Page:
• Change soiled diapers often to avoid rashes, and always dry the area completely before fastening a new diaper. If that cute bottom becomes inflamed with a diaper rash, wash the affected area with warm water and apply a cream like Desitin. If the rash continues for more than a few days, call your pediatrician; it could be a yeast infection or an allergic reaction.
• If your newborn's umbilical cord stump is still attached, fold down the front of the diaper below the belly button to avoid exposure to waste or moisture.
Two to three hours of crying a day in the first three months is considered normal, according to the AAP. Is it stressing you out? Blame one of your superpowers! Researchers used MRI imaging to show that a crying baby actually triggers a neural chain reaction in a mom's brain, heightening her reaction. But even the most in-tune Supermom can sometimes find calming a crying baby difficult. After covering the basics, like checking to see if he's wet, hungry or tired, Silva suggests the following tactics. Before you know it, you'll be adding these to your ever-growing superpower collection.
• Use a swing. The movement mimics the motion babies experience in the womb, and thus has a tendency to calm them.
• Carry your baby in a sling. You'll be hands-free and can even tackle household chores (or your Facebook status update) while your baby is comforted by the closeness.
• Warm baths can be soothing for little ones. (Others find it irritating, so try it out and see if it helps.) Most babies can take a bath once the umbilical cord has fallen off and healed. Use hypoallergenic, scent-free baby soap to prevent skin irritation, and massage him with soft, circular strokes.
• Yes! A Supermom has the power to morph into her baby's very own human pacifier. It's called breastfeeding, but a simple pacifier can work too.
• Ssshh softly in his ear, run a vacuum cleaner or play a white noise CD. It simulates the constant sounds heard in the womb. It also helps some babies tune out other sounds that subtly stimulate.
• Try swaddling him. The warm, secure feeling is soothing to most newborns. Go to babytalk.com for a step-by-step primer on how to swaddle.
Getting your baby to fall asleep and stay asleep can be a difficult superpower to acquire. The first few months may seem like an endless 'round-the-clock battle. (It's no wonder sleep deprivation is considered a form of torture in some countries.) Although it may not seem like it, your baby is actually sleeping an average of 14 ½ to 16 ½ hours a day during the first eight weeks -- just broken up into a few hours here and there. "Then, between 3 and 4 months, your little one may begin to sleep a five-hour stretch," says Silva. "Sleeping through the night typically occurs at about 5 months, usually defined by a eight-hour stretch." There are many techniques at Supermoms' fingertips to help them achieve the coveted super-status of having a baby who sleeps through the night.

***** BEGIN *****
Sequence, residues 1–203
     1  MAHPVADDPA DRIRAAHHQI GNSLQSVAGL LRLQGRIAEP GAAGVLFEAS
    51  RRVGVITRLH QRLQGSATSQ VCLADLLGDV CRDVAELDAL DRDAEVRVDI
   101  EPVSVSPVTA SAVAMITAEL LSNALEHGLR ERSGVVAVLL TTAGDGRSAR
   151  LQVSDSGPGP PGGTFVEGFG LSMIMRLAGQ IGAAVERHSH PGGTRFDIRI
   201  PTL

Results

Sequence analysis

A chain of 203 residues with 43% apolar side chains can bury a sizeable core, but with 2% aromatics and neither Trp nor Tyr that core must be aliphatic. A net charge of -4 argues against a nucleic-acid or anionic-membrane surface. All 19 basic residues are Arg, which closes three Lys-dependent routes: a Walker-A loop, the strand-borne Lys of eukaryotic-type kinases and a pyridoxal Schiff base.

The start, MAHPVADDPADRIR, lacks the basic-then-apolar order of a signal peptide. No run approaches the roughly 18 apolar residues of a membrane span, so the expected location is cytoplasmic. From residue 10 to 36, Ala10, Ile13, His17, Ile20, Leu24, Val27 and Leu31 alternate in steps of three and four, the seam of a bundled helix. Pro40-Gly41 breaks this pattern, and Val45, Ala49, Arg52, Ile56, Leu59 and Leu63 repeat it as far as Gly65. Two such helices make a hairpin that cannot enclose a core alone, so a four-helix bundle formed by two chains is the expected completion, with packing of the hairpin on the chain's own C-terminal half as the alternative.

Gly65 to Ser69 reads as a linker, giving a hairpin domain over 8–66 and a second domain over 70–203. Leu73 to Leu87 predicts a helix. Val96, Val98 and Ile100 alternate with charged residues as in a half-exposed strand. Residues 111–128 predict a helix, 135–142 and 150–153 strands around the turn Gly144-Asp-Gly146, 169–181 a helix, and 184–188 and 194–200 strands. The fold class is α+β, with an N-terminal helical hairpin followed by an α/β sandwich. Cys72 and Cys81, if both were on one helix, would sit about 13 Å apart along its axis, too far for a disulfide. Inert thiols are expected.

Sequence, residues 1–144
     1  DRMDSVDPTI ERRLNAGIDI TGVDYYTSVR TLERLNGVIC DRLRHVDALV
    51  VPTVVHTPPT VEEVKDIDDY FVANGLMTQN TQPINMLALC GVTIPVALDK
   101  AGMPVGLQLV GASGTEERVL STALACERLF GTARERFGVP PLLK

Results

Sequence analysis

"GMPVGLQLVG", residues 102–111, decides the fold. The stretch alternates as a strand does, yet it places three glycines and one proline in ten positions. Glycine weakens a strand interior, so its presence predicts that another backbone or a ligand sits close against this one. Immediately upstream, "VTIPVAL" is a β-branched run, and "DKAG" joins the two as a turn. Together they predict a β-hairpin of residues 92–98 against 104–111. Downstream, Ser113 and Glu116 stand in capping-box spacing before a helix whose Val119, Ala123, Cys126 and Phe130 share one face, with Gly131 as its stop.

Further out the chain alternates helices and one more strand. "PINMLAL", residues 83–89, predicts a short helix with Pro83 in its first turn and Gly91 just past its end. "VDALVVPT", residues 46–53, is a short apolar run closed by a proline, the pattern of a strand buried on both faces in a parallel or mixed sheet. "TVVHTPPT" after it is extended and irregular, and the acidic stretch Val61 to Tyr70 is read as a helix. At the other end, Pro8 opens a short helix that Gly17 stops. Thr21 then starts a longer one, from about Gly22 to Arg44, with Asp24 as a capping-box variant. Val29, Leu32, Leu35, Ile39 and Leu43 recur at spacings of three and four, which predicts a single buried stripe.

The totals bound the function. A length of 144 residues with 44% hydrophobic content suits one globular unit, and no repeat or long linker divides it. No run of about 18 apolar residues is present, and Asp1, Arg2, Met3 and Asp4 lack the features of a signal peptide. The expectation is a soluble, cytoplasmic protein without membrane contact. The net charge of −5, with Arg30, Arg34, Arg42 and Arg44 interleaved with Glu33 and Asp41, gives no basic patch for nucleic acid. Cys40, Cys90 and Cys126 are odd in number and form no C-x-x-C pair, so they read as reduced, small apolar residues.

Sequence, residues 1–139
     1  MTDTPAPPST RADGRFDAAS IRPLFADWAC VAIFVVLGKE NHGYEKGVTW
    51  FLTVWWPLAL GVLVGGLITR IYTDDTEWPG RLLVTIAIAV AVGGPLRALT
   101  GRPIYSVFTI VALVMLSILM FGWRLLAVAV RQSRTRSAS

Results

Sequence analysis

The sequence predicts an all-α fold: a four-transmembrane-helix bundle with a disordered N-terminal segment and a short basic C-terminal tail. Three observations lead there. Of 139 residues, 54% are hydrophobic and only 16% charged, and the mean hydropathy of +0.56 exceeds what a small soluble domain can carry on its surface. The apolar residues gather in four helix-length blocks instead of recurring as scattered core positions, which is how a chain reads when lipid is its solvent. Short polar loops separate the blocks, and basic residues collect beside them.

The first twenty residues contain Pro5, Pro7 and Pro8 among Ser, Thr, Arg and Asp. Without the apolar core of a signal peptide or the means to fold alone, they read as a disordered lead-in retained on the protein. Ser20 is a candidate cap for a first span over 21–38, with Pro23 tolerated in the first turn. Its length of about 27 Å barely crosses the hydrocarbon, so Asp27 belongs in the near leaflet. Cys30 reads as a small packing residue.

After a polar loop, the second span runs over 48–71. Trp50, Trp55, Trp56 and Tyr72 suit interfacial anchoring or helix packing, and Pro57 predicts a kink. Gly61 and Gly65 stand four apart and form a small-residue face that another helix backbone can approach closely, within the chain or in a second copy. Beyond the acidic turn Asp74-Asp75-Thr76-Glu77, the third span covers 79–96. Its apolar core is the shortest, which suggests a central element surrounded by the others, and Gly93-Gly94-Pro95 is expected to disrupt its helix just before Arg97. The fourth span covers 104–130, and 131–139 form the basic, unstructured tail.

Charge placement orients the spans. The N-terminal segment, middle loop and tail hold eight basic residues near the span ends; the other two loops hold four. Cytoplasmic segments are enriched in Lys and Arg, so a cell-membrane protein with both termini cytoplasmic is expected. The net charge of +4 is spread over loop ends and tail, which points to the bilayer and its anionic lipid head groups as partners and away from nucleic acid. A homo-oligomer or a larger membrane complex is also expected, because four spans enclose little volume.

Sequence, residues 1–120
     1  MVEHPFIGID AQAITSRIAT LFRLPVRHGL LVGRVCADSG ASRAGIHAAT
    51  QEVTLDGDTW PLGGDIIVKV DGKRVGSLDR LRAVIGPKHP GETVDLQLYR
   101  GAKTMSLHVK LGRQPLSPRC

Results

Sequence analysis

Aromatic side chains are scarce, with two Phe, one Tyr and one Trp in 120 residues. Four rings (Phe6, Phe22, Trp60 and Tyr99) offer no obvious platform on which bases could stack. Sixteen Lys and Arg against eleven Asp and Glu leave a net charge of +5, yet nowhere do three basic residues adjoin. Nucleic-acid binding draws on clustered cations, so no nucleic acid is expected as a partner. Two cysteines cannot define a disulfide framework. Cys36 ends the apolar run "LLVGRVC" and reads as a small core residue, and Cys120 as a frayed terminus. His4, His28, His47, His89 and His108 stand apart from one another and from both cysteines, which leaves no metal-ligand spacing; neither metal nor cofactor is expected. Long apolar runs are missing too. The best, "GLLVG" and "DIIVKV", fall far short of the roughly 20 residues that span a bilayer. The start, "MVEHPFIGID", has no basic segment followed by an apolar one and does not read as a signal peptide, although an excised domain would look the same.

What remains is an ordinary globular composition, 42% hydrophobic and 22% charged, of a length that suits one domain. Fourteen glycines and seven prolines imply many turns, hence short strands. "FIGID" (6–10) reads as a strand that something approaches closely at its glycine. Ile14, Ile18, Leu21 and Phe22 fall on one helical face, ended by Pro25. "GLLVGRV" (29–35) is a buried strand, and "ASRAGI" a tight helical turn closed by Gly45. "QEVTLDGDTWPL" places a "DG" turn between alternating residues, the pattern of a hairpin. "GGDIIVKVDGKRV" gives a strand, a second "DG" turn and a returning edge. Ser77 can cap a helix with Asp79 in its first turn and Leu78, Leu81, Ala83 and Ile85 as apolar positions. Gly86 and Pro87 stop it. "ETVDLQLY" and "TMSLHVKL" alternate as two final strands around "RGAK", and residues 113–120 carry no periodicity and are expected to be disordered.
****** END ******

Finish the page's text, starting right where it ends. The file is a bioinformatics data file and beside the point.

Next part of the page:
Whatever strategy you use, be sure to keep your baby safe. Always put your little one to sleep on her back on a sleeping surface free of blankets, stuffed animals and pillows to decrease the risk of Sudden Infant Death Syndrome (SIDS). For more SIDS prevention guidelines, visit the AAP's new Website for parents: healthychildren.org.
Tiny bellies only hold so much, so you'll be feeding your little one a lot over the first 12 weeks. "Newborns should feed eight to 12 times in a 24-hour period," says Silva. "That means the average baby will eat every two to three hours." Whether you decide on bottle, breast or both, liquid power is all your baby needs in the first four months. Frank Greer, M.D., a member of the AAP's Committee on Nutrition, says breast milk is the optimal choice of nutrition for your baby for the first 12 months. "Human milk is the preferred food for all infants, including premature and sick newborns, with rare exceptions. The only acceptable alternative to breast milk is iron-fortified infant formula," he says. More feeding advice for new moms:
• Don't feel like the two- to three-hour rule is set in stone. Some infants like to cluster-feed. "They will feed every 30 minutes to an hour several hours in a row -- it can be very exhausting, yet normal," says Silva. "The same baby may give you four to six hours of sleep in a row." As long as there have been eight to 12 feedings in the previous 24 hours, and your baby is gaining weight, this is fine. Consult with your pediatrician if you have any concerns.
• Learn to read your baby's cues for when he's hungry or full. He may cry, suck on his hands, root with his head or make sucking motions with his mouth. As for when he's had enough, babies have a natural ability to self-regulate. They rarely overeat. So as long as he's meeting the requirements set forth by your pediatrician, he should be fine.
• Although spitting up seems to come with the territory, doing so after each meal could be a sign of overfeeding or gastroesophageal reflux. Consult with your pediatrician.